Dec 29, 2010

We went to the de Young Museum today to see, "Van Gogh, Gauguin, Cézanne and Beyond." The show was jammed, and with overcoated people. The whole place was black and blue with overcoats.

As for the paintings, they were among those familiar canvasses that arrive every year or two with great fanfare. The images are always stunning, and comforting in their way. I have no argument, although I'm becoming more drawn to the abstract, literally and figuratively. I'm less drawn to depictions of life than interpretations.

"What an idiot you are," an educated critic would say, "You don't know anything. What are you talking about? Many of these paintings, even the lesser ones, are filled with abstractions. You just can't see them...."

What I was going to say, before I so rudely interrupted myself, was that I have less interest in Impressionism, had less interest until I rounded a corner at this exhibit and there was Vilhelm Hammershøi's 1905 painting, Rest.

This is the small painting of a young woman sitting in a chair, facing the wall. We see only her back.

Here is part of a description of the painting from the Musee D'Orsay

A descendent of Vermeer or a forerunner of Hopper? Hammershøi, a Danish painter who made his reputation in the 1880s, is without doubt neither. The minimalist intimisme of his interiors and the disturbing atmosphere that emanates from his apparently rigorous approach are sufficient proof of that.

Hammershøi most probably invented the back portrait, as opposed to the existing full-face or side portraits. This seated woman—we cannot tell whether she is a maid or a member of the bourgeoisie, or even guess what she is doing—is intriguing because of her displyed indifference to the spectator. The silent figure has been brushed in a refined range of greys and browns, showing the artist's deep sensitivity to indoor atmospheres.

The composition is a series of right angles: the lines of the chair, the skirting board and the sideboard divide this eulogy of absence into squares with a sort of Protestant rigour. But it would be an error to jump to the conclusion that the painting is an allegory of solitude or human tragedy. Because the real subject is perhaps the nape of the neck, the most indecent part of the body to oriental minds. Just as the few unruly wisps of hair, the opening of the blouse which gives a glimpse of white skin, in counterpoint to the flower-shaped bowl laid on the sideboard, are radical antidotes to the temptation of a purely puritanical interpretation.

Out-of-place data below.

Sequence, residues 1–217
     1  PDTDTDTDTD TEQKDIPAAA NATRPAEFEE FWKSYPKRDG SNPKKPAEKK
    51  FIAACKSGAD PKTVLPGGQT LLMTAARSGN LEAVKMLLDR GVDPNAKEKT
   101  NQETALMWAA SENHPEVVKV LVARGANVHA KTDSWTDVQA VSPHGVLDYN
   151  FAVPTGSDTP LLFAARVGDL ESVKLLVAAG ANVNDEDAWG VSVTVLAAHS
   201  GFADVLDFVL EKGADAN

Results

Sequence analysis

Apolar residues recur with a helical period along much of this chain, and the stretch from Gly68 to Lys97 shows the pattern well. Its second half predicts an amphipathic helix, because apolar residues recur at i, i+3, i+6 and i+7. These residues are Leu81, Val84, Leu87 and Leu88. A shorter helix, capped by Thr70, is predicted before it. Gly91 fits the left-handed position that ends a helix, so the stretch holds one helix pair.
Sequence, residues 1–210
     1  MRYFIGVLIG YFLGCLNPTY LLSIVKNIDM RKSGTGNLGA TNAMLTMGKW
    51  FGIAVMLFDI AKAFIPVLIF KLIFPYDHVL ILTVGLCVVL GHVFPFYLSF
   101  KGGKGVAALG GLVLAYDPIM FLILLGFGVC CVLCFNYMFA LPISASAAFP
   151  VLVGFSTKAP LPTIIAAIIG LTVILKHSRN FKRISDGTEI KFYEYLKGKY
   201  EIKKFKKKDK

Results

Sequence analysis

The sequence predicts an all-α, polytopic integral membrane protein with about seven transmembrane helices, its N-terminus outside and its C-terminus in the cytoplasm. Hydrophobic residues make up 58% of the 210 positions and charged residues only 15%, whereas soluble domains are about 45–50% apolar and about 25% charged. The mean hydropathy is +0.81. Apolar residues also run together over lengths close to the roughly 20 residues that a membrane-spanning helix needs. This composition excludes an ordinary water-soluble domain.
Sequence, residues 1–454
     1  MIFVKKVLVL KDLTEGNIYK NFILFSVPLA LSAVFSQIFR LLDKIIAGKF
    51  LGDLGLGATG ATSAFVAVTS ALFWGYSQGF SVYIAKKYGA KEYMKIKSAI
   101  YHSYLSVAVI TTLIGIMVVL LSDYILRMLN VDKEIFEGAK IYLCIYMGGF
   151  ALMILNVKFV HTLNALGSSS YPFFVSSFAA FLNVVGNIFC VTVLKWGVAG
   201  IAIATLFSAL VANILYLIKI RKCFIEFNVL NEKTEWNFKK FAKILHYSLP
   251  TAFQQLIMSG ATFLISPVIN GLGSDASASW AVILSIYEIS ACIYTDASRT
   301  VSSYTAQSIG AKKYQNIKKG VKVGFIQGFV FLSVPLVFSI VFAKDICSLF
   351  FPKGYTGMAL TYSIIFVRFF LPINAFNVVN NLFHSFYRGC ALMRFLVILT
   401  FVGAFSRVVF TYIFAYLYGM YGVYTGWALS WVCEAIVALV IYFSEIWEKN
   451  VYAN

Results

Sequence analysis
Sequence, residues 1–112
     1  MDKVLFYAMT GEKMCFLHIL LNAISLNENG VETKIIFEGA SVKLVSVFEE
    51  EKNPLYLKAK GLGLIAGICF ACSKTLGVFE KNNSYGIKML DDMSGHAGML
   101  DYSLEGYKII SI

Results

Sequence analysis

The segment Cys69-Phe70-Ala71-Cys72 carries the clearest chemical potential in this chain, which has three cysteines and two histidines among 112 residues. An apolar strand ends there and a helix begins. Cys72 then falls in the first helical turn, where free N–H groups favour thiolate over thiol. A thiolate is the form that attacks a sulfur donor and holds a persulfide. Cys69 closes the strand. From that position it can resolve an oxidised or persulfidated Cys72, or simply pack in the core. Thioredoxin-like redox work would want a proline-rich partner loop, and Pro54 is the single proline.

I would never have thought of this as an allegory of solitude or human tragedy and I don't agree with this idea of her 'displayed indifference'. I have the sense that the woman has been asked to sit just this way, and that she's well aware of her sensuality. She could as well have just come from the arms of her lover.

She may be at rest, but from what? If she is exhausted, it is not a sign of weakness.

Perhaps she's angry, or just petulant. The way her right arm hangs on the chair suggests to me a woman unsettled. There's an emotion in that arm and the way her blouse catches on the chair.

I find her irresistably sexy and very powerful — on her own, regardless of her status in society. Above all there is the desire to see her, to confront her or reassure her, or else kiss the back of her neck....

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